"Rising from the ashes of Grade with a punk rock grin, Jersey
is picking up speed here on their major label debut, "Generation
After two independent releases and a number of excursions on the Warped
Tour, these Canadians seem to be unstoppable on the punk circuit with their
upbeat take on the Rancid formula. They guzzle up the old Bay Area flavor
that we all loved back in the day and spit it out seemingly intent on
rejuvenating the scene with this 15 track speed demon. They're sprightly,
jovial, and enthusiastic - what else would you expect from our neighbors
to the north?"
"Listening to songs on this album is almost like
hearing punk rock parables - I'll take that over whining about heartbreak
any day."One Way Street" has got to be my favorite song on the album. The
music is fun, and the lyrics are just too well written as a whole
for me to paraphrase, so definitely do a google search and check
them out - or better yet, get the album and hear it all firsthand.
If good music can stir your heart, you won't regret it."
"Go ahead, sing along. Everyone else
in the bar is. For a record so mercifully free of compressed production
trickery, the plaintive keyboards that chime in for "Crossfire"'s verses are
initially shocking. But it's just Jersey's softer side showing through,
as the cut's chorus is as righteous and empowering as anything on
Generation Genocide. It's right back to a muscular 1977 punk tumble for "One
Way St.," and
the Clash are a natural and welcome reference for the strong hooks
and propulsive rhythms of "Old Bones and Dirty Coffins." Hard work, hard living,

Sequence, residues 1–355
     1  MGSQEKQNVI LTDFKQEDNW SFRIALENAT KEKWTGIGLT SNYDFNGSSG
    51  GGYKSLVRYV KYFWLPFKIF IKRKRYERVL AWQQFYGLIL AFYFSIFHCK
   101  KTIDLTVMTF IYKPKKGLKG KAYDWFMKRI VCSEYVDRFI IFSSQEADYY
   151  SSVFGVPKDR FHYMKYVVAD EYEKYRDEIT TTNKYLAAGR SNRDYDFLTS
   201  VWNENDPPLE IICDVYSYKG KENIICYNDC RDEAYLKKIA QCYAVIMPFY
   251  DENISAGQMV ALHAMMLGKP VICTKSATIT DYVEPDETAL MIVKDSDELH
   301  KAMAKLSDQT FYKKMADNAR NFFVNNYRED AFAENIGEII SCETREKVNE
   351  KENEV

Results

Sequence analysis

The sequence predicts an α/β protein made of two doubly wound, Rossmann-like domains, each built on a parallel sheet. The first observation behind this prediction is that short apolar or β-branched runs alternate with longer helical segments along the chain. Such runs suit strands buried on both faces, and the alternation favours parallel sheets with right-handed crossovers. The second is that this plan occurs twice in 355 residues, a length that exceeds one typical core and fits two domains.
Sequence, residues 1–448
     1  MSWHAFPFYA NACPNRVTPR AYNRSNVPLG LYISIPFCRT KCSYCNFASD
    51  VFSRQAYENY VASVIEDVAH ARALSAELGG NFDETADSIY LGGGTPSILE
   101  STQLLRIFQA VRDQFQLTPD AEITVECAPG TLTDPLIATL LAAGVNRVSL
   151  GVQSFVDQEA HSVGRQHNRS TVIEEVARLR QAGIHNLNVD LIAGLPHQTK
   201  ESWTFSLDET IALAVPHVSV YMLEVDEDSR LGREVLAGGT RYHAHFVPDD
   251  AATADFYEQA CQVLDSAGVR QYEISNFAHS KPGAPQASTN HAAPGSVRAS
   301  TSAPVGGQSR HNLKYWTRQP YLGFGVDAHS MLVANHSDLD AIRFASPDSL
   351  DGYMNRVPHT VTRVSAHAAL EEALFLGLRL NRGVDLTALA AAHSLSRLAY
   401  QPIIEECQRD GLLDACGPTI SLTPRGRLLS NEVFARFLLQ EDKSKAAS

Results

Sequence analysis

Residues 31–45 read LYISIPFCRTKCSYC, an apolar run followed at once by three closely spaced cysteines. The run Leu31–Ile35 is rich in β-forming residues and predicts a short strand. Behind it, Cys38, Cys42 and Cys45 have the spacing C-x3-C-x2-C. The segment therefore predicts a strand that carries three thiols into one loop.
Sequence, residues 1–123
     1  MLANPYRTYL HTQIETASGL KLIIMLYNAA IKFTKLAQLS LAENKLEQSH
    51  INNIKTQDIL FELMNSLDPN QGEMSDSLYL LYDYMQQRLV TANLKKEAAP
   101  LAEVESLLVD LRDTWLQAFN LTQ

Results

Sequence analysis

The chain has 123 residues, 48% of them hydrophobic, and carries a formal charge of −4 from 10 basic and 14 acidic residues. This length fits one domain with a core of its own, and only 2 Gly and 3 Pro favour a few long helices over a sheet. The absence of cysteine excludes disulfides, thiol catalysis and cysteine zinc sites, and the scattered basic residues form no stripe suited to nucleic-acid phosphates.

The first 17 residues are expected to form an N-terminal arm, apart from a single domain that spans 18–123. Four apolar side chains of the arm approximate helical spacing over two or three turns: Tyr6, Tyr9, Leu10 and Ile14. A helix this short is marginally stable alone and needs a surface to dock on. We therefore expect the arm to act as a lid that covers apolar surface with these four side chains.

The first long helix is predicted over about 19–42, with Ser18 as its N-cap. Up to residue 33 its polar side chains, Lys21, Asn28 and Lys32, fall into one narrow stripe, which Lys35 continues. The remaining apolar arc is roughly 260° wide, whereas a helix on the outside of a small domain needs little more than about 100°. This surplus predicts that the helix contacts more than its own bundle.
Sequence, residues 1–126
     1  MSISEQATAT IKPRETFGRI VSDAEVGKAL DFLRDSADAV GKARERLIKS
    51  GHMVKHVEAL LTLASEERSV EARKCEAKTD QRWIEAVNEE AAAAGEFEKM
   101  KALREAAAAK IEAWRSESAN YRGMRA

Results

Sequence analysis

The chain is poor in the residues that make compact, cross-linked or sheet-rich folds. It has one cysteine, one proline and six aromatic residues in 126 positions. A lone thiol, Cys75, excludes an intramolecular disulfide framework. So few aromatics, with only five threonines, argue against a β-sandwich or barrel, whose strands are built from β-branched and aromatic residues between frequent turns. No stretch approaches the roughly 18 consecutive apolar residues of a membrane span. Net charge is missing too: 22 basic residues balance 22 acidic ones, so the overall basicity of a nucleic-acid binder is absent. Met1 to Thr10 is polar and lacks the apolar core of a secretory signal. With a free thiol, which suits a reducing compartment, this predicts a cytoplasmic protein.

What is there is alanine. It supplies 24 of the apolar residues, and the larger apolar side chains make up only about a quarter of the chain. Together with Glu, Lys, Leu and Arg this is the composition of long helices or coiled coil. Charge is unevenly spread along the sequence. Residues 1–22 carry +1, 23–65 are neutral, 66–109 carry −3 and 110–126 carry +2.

and hard lessons are Genocide's thematic avenues. They meet head-on
for the heartfelt standout "Shop Floor," where Taylor is told in no uncertain
terms by his foreman not to end up a casualty to the company store."
have dished up a pleasing array of bang-on, roots-and-branches punk rock
with Generation Genocide; an album that definitely carries
its own weight. The 14 tracks that grace the album are
chock full of wonderfully distorted guitar bits, full-fledged
runs of deliciously raucous chord melting, and some
wildly apparent bass plucking from John Lubera. Mixed
in with the up-front punk-meets-hard rock concoctions
are some rather deep pockets of melody and attractive
rhythms, especially on title track 'Generation Genocide',
'Violation Detonation', and the lip-smacking 'Lessons'.
Although most punk fans may find the use of keyboards
a little foreign when it comes to this brand of music,
Greg Taylor's keyboard work is right on the mark, and
it doesn't take anything away from any of the track's
" ... a kick ass
fifteen track blast o' punk rock that immediately brought to mind Rancid (especially
in the vocal department). Catchy tunes with sing-a-long choruses and bouncy
bass lines. (...) Jersey are a welcome throwback to Bay
Area style punk.